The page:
The women have already made a name for themselves in a city where almost all have lost hope, and a hit-man makes less money than a street vendor. Outside the store, an elderly man in a typical Mexican cowboy hat greets the women, applauding them for their work.

Gathered together in matching purple clothes, they jump on their large bright pink bikes with "Las Guerreras" painted down the side.

One of the women shouts out, "Let's go, Las Guerreras" and they're off, roaring through the streets of Juarez where more than eight people a day are murdered by rival drug gangs. Children look on in awe from passing cars and drivers beep or wave as they catch sight of the spectacle.

After an hour's ride to the edge of the city, the women arrive at Felipe Angeles Colony, one of the most violent neighbourhoods where shootings occur daily. The women are quick to drive off the highway, away from the eyes of drug cartel intelligence groups who keep a close watch on the neighbourhoods.

When they arrive at the house, Daniel's aunt begins to cry. Aged seven, the boy looks no older than five, and due to lack of oxygen when he was in his mother's womb, he is unable to walk.

The women give the family their first wheelchair. Previously Daniel would be left at home, or his aunt would have to carry him. "It was impossible to go anyway. Now it will be so much easier. These women have changed our life," says Reveles Dominguez, the boy's aunt.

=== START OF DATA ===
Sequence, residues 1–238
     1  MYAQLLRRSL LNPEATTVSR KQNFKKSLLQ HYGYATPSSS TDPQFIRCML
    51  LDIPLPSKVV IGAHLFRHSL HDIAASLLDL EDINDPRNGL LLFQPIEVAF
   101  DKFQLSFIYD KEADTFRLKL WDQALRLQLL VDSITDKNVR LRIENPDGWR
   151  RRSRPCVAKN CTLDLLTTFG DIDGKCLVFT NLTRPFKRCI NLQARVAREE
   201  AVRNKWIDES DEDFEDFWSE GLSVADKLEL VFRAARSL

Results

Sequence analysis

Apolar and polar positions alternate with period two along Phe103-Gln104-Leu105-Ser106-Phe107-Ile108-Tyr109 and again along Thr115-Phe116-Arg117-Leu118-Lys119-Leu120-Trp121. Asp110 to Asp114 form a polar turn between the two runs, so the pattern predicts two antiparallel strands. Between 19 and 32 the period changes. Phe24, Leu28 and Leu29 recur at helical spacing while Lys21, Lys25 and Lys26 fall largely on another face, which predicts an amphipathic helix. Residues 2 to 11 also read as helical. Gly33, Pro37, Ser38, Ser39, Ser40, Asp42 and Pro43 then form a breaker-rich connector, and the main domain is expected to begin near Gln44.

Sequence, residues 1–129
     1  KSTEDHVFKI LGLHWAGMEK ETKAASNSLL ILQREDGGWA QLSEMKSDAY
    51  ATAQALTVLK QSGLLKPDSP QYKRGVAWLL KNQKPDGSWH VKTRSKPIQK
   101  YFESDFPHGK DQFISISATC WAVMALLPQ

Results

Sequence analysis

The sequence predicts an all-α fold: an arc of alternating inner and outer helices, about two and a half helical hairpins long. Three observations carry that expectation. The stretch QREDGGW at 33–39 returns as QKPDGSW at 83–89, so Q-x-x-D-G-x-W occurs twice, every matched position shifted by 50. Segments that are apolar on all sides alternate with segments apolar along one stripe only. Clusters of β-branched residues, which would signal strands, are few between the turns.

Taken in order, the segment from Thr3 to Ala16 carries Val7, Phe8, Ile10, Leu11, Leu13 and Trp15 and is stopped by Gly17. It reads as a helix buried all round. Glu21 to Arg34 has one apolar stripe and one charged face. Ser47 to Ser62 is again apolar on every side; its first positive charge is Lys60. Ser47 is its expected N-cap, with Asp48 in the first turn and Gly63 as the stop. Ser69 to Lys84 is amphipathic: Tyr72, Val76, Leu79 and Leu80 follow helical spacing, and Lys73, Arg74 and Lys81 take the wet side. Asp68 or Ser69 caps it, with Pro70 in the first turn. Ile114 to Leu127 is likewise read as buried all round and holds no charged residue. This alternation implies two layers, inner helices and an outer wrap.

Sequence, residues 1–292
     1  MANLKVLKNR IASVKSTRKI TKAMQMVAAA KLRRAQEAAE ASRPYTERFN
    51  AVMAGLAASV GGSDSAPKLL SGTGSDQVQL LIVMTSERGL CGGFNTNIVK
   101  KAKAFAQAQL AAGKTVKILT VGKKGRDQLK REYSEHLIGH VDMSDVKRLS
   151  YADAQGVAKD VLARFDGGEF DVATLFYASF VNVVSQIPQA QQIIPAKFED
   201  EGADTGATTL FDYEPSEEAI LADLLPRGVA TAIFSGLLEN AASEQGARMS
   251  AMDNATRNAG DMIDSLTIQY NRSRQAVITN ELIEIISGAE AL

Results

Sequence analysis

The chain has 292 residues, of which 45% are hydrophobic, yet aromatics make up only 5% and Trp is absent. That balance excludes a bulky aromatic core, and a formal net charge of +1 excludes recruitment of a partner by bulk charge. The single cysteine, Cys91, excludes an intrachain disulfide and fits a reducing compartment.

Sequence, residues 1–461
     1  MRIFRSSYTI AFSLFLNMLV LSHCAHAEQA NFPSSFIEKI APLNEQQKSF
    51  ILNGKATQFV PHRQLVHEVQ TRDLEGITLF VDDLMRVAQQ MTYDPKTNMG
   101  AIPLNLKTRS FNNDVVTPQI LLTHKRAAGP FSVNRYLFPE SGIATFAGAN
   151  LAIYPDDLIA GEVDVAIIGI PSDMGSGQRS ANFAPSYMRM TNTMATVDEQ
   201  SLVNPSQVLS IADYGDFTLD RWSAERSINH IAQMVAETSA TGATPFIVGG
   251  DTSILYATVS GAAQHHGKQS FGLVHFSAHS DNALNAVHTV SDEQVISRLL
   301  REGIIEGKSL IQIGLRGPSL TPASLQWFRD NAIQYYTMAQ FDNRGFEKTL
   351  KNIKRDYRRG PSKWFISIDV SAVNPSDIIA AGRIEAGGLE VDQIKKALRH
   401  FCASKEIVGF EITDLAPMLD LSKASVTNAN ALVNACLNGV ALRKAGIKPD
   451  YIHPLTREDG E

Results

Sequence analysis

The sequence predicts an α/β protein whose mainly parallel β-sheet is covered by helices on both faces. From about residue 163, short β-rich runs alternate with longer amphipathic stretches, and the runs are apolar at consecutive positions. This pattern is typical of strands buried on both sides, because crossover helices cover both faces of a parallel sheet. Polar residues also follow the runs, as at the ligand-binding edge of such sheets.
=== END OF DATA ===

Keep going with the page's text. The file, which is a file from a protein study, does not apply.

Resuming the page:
Like most families in Juarez, Daniel and his family have been severely affected by the drug war. A shrine outside their home serves as a chilling reminder of recent violence that rocked the family.

In 2008, Daniel's mother was shot in the head by a stray bullet as two gangs fought a gun battle outside a department store. Then in 2009, his uncle, a priest, was assassinated outside their house in the middle of the day. And then last year, most unexpectedly, his grandmother was shot several times as she walked home from the shops.

"Like most deaths in this city we have no idea why it happened," says Ms Dominguez. "My relatives were not involved in the drug cartels or anything like that, just normal people trying to lead normal lives."

Since the murders, family members have been terrified to go outside. There are six children to look after who have been traumatised by the events. The family used to have a small shop outside their home on the highway, but since the shootings they closed it, leaving them with almost no income.